The Malta Independent 16 April 2024, Tuesday
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Dementia and social policy

Michael Briguglio Thursday, 16 February 2023, 07:27 Last update: about 2 years ago

I recently had the opportunity to review the ‘Dementia in Europe Yearbook 2023’, which was published by Alzheimer Europe, the umbrella organisation of 41 national Alzheimer's non-governmental associations from 37 European countries, including the Malta Dementia Society.

The Yearbook focuses on employment and social protection for persons with dementia, as well as their carers, across Europe. Within the text, one finds both concrete examples of legislation and policies, as well as recommendations in the respective fields.

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The Yearbook discusses various challenges, risks, and opportunities faced by persons with dementia and their carers during the lifecourse, not least during their respective working years. It highlights the various costs related to diagnosis and dementia itself, and presents testimonies of lived experiences of such persons. Here one encounters examples of good and bad practices, which, in turn are situated within specific policy-contexts in respective societies.

In this regard, it is important to emphasize that dementia-related policies in the fields of employment and social protection are complex and diverse: There is no such thing as a uniform policy-model across the European Union. One finds commonalities and differences in terms of legislation, implementation and national competence, albeit influenced by the EU’s soft-policy approach within the Open Method of Coordination (for example through recommendations via the European Semester).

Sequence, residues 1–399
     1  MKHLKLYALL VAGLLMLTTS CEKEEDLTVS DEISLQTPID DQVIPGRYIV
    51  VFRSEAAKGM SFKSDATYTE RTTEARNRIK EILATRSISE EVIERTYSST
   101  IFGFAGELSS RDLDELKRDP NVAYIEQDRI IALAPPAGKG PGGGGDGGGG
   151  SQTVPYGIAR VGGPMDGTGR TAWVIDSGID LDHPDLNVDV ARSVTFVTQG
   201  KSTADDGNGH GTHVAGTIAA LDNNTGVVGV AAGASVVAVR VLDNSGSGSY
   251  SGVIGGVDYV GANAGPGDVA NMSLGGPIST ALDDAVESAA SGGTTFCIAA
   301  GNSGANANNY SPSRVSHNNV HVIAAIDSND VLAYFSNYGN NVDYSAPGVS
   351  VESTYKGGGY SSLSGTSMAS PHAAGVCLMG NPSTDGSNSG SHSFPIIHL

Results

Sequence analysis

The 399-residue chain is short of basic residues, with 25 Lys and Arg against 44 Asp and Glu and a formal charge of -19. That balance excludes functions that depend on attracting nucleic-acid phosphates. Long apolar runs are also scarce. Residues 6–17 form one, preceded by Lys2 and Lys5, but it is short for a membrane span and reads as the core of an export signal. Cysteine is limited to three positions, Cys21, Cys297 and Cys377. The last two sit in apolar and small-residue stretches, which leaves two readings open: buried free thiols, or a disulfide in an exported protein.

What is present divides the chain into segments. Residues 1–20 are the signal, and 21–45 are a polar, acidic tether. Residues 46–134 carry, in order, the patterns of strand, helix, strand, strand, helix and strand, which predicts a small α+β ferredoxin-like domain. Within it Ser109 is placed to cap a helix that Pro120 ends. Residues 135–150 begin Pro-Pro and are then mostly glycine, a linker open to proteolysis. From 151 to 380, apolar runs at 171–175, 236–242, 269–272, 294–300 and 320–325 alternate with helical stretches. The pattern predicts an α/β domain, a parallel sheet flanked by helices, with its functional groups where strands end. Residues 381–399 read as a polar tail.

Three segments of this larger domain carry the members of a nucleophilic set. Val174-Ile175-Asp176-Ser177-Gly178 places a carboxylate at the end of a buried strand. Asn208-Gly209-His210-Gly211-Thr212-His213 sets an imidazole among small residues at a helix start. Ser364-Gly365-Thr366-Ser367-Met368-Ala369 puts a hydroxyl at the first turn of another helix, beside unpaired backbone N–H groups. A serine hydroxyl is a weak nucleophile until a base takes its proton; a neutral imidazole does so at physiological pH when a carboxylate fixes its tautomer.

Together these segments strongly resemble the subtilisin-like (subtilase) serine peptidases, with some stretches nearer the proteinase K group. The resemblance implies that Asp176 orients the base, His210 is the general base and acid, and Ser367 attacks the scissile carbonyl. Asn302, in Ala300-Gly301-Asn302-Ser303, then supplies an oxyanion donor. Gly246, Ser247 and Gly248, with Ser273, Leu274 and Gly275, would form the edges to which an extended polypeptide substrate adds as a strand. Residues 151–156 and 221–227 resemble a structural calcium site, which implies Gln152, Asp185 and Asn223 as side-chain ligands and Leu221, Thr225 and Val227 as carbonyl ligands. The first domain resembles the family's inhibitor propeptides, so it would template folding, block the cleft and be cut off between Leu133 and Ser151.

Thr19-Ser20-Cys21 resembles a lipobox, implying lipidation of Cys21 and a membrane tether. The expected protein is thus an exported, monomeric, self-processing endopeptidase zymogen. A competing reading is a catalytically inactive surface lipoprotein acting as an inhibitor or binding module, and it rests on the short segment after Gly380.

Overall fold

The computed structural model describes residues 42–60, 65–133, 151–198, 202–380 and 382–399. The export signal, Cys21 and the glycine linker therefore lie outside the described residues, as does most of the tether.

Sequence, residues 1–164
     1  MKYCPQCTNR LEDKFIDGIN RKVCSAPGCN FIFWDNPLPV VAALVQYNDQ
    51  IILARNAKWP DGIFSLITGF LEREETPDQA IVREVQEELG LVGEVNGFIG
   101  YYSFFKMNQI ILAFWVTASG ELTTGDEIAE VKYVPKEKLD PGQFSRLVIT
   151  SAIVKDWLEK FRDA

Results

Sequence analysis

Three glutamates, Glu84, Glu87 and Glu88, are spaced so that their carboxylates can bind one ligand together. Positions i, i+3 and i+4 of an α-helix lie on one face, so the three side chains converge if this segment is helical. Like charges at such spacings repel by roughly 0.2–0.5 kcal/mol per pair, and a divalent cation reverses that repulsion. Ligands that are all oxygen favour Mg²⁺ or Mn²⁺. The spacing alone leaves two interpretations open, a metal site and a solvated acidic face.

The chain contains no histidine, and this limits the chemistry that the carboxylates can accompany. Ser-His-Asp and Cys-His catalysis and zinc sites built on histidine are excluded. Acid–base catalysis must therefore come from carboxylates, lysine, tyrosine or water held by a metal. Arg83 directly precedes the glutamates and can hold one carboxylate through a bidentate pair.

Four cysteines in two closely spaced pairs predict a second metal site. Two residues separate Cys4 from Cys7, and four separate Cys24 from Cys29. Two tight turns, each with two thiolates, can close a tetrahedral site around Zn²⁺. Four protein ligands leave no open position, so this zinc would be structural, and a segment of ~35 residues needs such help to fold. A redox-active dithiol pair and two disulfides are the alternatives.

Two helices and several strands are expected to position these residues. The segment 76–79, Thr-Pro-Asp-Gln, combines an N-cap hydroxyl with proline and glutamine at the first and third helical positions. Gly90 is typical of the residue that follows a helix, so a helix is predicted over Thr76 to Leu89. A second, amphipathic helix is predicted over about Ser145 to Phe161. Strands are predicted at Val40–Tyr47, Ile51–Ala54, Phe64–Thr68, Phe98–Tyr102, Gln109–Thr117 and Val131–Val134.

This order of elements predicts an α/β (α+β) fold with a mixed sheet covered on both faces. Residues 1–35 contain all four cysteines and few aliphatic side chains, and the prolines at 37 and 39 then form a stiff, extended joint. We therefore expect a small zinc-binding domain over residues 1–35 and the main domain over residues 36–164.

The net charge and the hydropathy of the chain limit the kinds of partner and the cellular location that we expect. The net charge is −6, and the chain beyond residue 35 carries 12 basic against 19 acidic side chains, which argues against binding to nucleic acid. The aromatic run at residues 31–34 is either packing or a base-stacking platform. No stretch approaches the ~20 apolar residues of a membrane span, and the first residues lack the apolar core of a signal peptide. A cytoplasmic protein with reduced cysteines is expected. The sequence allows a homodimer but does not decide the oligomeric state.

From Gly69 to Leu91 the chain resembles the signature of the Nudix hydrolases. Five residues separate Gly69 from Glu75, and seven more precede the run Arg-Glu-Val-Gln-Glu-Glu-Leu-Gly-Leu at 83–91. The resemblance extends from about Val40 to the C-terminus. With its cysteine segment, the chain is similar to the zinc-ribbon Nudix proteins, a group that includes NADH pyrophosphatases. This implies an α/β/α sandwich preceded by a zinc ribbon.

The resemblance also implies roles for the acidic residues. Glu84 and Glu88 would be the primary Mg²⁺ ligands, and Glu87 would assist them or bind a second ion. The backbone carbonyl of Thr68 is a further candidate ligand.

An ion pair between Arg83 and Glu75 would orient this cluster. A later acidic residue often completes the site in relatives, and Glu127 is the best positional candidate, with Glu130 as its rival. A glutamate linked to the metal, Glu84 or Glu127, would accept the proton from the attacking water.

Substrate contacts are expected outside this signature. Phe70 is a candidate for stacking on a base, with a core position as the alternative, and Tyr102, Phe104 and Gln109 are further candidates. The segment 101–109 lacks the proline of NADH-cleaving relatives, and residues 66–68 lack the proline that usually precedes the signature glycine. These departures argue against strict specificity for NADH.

Hence, persons with dementia and their carers must navigate within policy frameworks and social networks, which vary from national laws to the respective networks and relations one may have at the place of employment.

Across Europe, one finds complex and variable levels of support, which, in turn, are often too bureaucratic and inadequate. In various instances, policies for eligibility to social rights are too conditional, strict, selective and/or insufficient. One also notes poor accessibility to various services.  Besides, various policies tend to be too dependent on rigid employment situations, with a lack of flexibility and a lack of appreciation to different lived experiences across the lifecourse. For example,  there often is a lack of sensitivity towards the worker-to-pensioner transition. Here it should be emphasized that employment is not simply an instrumental need, but also a source of social identity and interaction.  

Thus, there are limited policies to support persons with dementia and carers to continue employment or to access social welfare. Various policies are too generic and thus fail to be applicable to specific symptoms and needs. Unfortunately, therefore, various Governments are not upholding rights of such persons, even when they are signatories of conventions or subjected to EU policy.